immediately able to call my purchaser and have her order replacement
medications 18 hours before the recall announcement came through in my
Public health outreach
Although the technological capabilities of mHealth are
impressive, the human component remains essential to the success of any mHealth
program or intervention.
Lygeia Ricciardi, EdM, senior adviser for
consumer e-health at the Department of Health and Human Services, Office of the
National Coordinator for Health Information Technology, said facilitating
communication between patients and doctors and encouraging improved self-care
are top priorities for her program.
“It’s important not only to think about how
technology can improve the delivery of health care services, but also about how
it can help to engage patients in their own health,” Ricciardi said in an
interview with Infectious Diseases in Children. Mobile phones and
smartphones offer several distinct advantages to other forms of digital
technology for public health efforts, one of which is reaching populations in
Whereas much of the Western world is enamored with the
high-tech aspects of mHealth, Jesse Coleman, MSc, an independent
consultant and mHealth expert who has held positions as the mHealth project
manager for the British Columbia CDC and performed considerable field research
on mHealth programs throughout Africa, said the utility of simple
text-messaging programs is important to improve access to health care.
“In Kenya, the health system is pretty limited to
begin with, and the basic population level health knowledge is much lower than
in Western nations,” Coleman said. “People do not have access to the
Internet to diagnose every health problem and too many do not even understand
basic health concepts.”
However, cellphone use has been growing more rapidly in
Africa than in any other part of the world, and, in 2011, the continent became
the second largest mobile market in the world, with more than 600 million
subscribers — surpassed only by Asia.
To assess whether the growing interest in cellular
technology could translate into health benefits, Coleman and researchers from
several African, American and Canadian universities conducted a randomized
controlled trial, dubbed WelTel Kenya1, that examined whether text messaging
between health care workers and adult patients initiating antiretroviral
therapy in Kenya could improve self-reported medication adherence and HIV viral
loads. The study results revealed that patients who received the text-message
support were more likely to report ART adherence and were more likely to have
viral loads suppressed below detection levels than those who received standard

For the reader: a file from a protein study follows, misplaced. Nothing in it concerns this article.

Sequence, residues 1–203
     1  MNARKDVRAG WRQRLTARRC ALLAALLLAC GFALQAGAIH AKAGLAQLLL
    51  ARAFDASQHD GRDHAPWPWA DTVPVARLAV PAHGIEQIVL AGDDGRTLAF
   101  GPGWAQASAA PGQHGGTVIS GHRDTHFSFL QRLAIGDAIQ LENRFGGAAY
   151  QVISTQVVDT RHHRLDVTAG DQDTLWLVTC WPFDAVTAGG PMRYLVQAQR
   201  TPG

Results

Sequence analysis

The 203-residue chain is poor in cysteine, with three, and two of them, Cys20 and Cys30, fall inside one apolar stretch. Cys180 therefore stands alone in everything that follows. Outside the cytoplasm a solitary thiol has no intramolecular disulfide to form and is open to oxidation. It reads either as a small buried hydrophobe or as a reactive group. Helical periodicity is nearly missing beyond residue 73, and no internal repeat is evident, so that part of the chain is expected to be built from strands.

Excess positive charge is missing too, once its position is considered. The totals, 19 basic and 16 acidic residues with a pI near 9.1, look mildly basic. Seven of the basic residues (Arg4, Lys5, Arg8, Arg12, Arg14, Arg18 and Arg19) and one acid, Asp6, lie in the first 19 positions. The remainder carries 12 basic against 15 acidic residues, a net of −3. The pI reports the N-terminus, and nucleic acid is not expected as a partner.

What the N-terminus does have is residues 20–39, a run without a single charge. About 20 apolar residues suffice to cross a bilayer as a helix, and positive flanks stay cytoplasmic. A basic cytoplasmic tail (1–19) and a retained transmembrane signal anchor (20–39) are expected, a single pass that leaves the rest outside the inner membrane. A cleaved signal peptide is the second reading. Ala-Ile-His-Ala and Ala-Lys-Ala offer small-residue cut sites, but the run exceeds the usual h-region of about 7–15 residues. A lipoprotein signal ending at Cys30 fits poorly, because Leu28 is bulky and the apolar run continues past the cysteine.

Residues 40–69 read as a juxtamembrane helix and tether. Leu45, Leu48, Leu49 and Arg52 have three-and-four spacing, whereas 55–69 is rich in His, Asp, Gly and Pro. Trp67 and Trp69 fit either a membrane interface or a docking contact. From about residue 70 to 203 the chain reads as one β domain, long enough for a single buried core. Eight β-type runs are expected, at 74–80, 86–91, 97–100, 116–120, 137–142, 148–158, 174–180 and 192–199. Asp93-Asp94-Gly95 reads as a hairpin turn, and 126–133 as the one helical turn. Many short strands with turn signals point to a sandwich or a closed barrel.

care, Coleman and colleagues found.
This is the type of interaction that Ricciardi said HHS
wants to achieve with mHealth interventions for US patients with chronic
“We want to use mHealth to shift the health care
model from the more traditional model, in which patients see their health care
providers only when they’re sick, to one in which patients are encouraged
to be a partner working toward the shared goal of staying healthy or managing a
chronic condition,” Ricciardi said.
Ricciardi said specific groups of patients within the
United States are more likely to benefit from mHealth campaigns than others.
These groups include racial and ethnic minorities, and those living in urban
areas, which have some of the highest uninsured populations. For members of
underserved populations who may not have personal computers, mobile phones
often serve as the primary source of information as well as communication.
Other potential areas for developing infectious
diseases-related mHealth public outreach programs in the United States and
Canada, as reported previously in Infectious Diseases in Children,
include text-messaging campaigns to improve vaccine and asthma medication
adherence, reminders for hospital staff to follow appropriate hygiene and
infection control protocols, and alert systems to notify health care providers
and the public when there are disease outbreaks occur in their communities.
“MHealth technology is unique because it is almost
always accessible, and since most people own their own phones, this technology
has the ability to be much more personal than traditional means of accessing
the Internet through computers, which are often shared,” Ricciardi said.
Cloud computing and safety of data
Cloud computing, whereby users on a network access data
stored on a remote secure server via a Web browser or app housed on a
smartphone or tablet, makes the amount of space available to store data
limitless, and also offers solutions to security concerns about remaining
Health Insurance Portability and Accountability Act (HIPAA) compliant in an
Health care data breaches involving patient information
increased 32% from 2009 to 2010 in a network of 65 health care organizations,
according to data from the Ponemon Institute’s Second Annual Benchmark
Study on Patient Privacy and Data Security.
During the 2 years before the study’s publication
in 2010, 60% of participants reported that they experienced more than two data
breaches, with each participant experiencing an average of 2.4 data breaches
during the study period. A lost or stolen computing device was among the top
three causes given for these security breaches, along with unintentional
employee action and third-party error.
To help curb the theft of smartphones that should
eliminate concerns about stolen patient information, the Federal Communications
Commission and the International Association for the Wireless
Telecommunications Industry announced in April a new initiative. The new
program is designed to enable smartphone owners to disable the device after
reporting it lost or stolen using an international mobile equipment identity
(IMEI) number, the equivalent for smartphones to a vehicle identification
number. Tampering with a smartphone’s IMEI number will be designated as a